USDA's Acreage and June 1 Grain Stocks reports will be released at 11 a.m. CDT Wednesday, June 30, and are known for their perennial impact on corn and soybean prices, at least for the day. In the past five years, December corn and November soybeans recorded double-digit price responses to USDA's June 30 reports in every year but 2018.
Many of us still shake our heads over USDA's high corn estimate in 2019, but the record does show that USDA's Acreage estimates have a 90% confidence interval of 1.7% over the past 20 years -- a fairly low margin of error. Even so, USDA tended to be too high in 16 of the past 20 years.
For soybeans, the 90% confidence interval is higher, at 3.0%, and the tendency has been to be too high in 13 of the past 20 years. USDA's habit of overshooting planting estimates for both corn and soybeans has been a sore spot for producers, contributing to lower-than-needed pre-harvest prices.
Corn and soybean planting estimates are sometimes revised in the October Crop Production report with the help of other supporting data, such as Farm Service Agency reports.
USDA's current planting estimate for corn stands at 91.1 million acres. This time around, many think that is too low given this year's high prices and drier planting conditions. Dow Jones' survey of analysts expects USDA to estimate 93.82 million acres of planted corn in 2021, the most since 94.0 million acres were planted in 2016. If true, corn plantings would be up from 90.82 million acres last year, and this suggests a 15.2 billion bushel (bb) corn crop, using a yield of 177 bushels per acre (bpa).
Dow Jones expects USDA to increase the current soybean planting estimate of 87.6 million acres to 89.15 million acres, the most since 89.20 million acres in 2018. The survey's estimate is up from 83.1 million acres last year and suggests a 4.4 bb soybean crop in 2021, based on a yield of 50 bpa. If true, that would be just enough to meet USDA's early demand estimate of 4.42 bb in 2021-22 and have no room for adverse weather.
For wheat, Dow Jones expects USDA to slightly lower the planting estimate from 46.4 million acres to 45.95 million acres, a small increase from last year's 44.3 million acres. The breakdown is expected as 33.05 million acres for winter wheat, 11.43 million acres for spring wheat and 1.52 million acres for durum wheat.
For those wondering about yield and this year's impact of drought, USDA's next production estimates will come in the WASDE report on July 12. Even with early drought problems in the northwestern U.S. Plains, USDA's corn and soybean yield estimates may not change much until the September WASDE report, when USDA conducts field surveys.
JUNE 1 GRAIN STOCKS
USDA's planting estimates tend to get the most attention from traders on June 30, but June 1 Grain Stocks are just as important and especially helpful for assessing demand, giving WASDE estimates a much-needed check on inventory.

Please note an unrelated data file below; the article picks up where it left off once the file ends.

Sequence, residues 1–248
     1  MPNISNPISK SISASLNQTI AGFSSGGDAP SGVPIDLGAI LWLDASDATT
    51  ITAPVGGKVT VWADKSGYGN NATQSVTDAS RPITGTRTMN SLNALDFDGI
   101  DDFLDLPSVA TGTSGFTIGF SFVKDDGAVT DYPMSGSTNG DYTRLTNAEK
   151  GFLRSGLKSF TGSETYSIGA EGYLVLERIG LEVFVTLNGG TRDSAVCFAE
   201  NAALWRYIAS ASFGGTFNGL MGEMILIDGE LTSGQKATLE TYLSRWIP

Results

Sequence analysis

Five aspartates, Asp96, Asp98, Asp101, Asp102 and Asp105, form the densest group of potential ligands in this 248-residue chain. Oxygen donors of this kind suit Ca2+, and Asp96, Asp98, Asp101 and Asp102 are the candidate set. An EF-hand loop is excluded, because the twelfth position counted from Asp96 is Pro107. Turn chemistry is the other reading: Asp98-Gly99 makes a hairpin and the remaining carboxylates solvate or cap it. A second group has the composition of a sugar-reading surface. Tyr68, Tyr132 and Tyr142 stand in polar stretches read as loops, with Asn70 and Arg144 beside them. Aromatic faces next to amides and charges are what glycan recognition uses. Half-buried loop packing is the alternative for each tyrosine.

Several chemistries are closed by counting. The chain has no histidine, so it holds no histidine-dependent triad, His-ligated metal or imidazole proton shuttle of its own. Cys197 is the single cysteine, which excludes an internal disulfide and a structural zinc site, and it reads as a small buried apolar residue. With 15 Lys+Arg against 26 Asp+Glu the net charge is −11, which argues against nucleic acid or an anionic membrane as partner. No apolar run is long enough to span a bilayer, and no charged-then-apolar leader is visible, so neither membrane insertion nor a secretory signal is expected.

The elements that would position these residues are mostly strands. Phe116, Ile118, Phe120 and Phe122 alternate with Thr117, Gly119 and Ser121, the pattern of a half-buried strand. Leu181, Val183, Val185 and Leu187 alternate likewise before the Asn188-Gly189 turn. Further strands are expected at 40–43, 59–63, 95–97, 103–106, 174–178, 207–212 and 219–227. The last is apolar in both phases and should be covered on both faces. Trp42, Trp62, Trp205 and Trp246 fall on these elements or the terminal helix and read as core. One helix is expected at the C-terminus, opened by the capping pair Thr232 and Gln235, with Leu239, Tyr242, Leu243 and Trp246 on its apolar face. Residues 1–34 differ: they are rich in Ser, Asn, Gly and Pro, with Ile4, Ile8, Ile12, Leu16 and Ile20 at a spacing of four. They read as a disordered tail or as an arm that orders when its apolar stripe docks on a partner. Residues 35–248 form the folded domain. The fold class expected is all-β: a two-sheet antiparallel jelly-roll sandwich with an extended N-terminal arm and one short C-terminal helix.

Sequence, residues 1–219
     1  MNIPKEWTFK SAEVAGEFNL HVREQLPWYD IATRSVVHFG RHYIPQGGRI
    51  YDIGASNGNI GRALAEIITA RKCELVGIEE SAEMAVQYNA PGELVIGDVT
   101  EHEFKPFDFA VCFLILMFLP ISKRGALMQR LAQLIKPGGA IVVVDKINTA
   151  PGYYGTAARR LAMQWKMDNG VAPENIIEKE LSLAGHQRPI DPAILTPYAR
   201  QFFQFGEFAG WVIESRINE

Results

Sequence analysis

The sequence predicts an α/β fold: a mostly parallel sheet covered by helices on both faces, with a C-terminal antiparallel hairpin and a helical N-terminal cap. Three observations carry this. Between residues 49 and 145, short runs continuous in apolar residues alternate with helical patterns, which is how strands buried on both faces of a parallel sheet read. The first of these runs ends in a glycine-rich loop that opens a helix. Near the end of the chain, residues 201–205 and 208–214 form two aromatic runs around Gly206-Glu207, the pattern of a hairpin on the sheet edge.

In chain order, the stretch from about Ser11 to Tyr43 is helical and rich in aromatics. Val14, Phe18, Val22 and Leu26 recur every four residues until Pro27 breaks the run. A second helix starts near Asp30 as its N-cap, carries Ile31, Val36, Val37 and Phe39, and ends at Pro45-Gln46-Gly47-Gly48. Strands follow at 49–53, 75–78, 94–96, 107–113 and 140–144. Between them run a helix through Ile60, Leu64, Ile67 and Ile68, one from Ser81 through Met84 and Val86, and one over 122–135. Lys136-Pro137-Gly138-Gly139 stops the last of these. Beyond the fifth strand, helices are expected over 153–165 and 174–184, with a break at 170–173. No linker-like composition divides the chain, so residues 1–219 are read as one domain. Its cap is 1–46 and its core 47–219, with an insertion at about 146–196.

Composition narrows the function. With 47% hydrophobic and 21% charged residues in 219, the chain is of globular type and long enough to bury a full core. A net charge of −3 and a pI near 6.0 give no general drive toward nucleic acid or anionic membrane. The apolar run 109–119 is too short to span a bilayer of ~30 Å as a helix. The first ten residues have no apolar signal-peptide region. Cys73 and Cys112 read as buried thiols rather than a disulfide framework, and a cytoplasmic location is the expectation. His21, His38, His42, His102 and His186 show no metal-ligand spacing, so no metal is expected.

Dow Jones' survey expects USDA to find 4.204 bb of corn stocks on hand June 1, significantly less than last year's 5.003 bb. If true, that will mean corn had record use of 11.923 bb in the first three quarters of 2020-21. At that pace, corn will need 3.097 bb of demand in the final quarter to hit USDA's ending stocks estimate of 1.107 bb, roughly the same level of demand seen in last year's final quarter.
For soybeans, Dow Jones expects USDA to peg June 1 soybean stocks at 795 million bushels (mb), a big drop from last year's 1.382 bb. If the survey is close, a record-high 3.90 bb of soybeans have been used in the first three quarters of 2020-21; 660 mb will need to be used in the final quarter to reach USDA's ending stocks estimate of 135 mb, the lowest fourth-quarter demand since 2016-17.
For wheat, Dow Jones' analysts expect USDA to find 858 mb of wheat stocks on hand as of June 1, 2021, slightly higher than USDA's 852 mb estimate of ending stocks in the June WASDE report. Whatever USDA says Wednesday, the new total will be down from 1.028 bb a year ago and will likely be the lowest in six years.
Because there is always uncertainty as to what USDA will say and this year's grain supplies are tighter, traders' responses could be volatile. Judging by the latest market clues, December corn shows little bearish concern about the planting estimate. Bull spreading in old-crop corn hints at the possibility of a lower-than-expected June 1 corn stocks. Old-crop soybean prices have been under the most bearish pressure, suggesting June 1 soybeans stocks could be higher than expected. As always, a surprise could be looming that the market is not currently anticipating.
Join DTN's webinar at noon CDT Wednesday, June 30. We'll talk about USDA's new estimates in light of supporting market information, what they mean for prices and answer any questions you might have.
Register now at: https://ag.dtn.com/….
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Todd Hultman can be reached at firstname.lastname@example.org
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